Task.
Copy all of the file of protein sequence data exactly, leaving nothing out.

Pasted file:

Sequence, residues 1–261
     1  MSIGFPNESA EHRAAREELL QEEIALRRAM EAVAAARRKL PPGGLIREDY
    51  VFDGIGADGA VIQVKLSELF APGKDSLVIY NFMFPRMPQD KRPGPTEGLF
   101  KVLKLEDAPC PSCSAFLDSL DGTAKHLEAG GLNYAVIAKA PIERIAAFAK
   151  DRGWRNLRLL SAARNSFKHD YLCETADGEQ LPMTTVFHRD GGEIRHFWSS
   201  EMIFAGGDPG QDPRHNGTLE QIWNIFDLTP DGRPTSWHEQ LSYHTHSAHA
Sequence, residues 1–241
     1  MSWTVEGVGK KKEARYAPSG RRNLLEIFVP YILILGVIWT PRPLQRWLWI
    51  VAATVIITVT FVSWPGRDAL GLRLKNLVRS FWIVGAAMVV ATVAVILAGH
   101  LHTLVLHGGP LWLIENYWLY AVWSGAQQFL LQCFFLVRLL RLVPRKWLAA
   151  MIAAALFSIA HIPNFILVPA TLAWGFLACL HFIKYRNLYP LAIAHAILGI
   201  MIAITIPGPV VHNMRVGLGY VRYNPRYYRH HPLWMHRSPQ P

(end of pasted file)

Sequence, residues 1–261
     1  MSIGFPNESA EHRAAREELL QEEIALRRAM EAVAAARRKL PPGGLIREDY
    51  VFDGIGADGA VIQVKLSELF APGKDSLVIY NFMFPRMPQD KRPGPTEGLF
   101  KVLKLEDAPC PSCSAFLDSL DGTAKHLEAG GLNYAVIAKA PIERIAAFAK
   151  DRGWRNLRLL SAARNSFKHD YLCETADGEQ LPMTTVFHRD GGEIRHFWSS
   201  EMIFAGGDPG QDPRHNGTLE QIWNIFDLTP DGRPTSWHEQ LSYHTHSAHA
Sequence, residues 1–241
     1  MSWTVEGVGK KKEARYAPSG RRNLLEIFVP YILILGVIWT PRPLQRWLWI
    51  VAATVIITVT FVSWPGRDAL GLRLKNLVRS FWIVGAAMVV ATVAVILAGH
   101  LHTLVLHGGP LWLIENYWLY AVWSGAQQFL LQCFFLVRLL RLVPRKWLAA
   151  MIAAALFSIA HIPNFILVPA TLAWGFLACL HFIKYRNLYP LAIAHAILGI
   201  MIAITIPGPV VHNMRVGLGY VRYNPRYYRH HPLWMHRSPQ P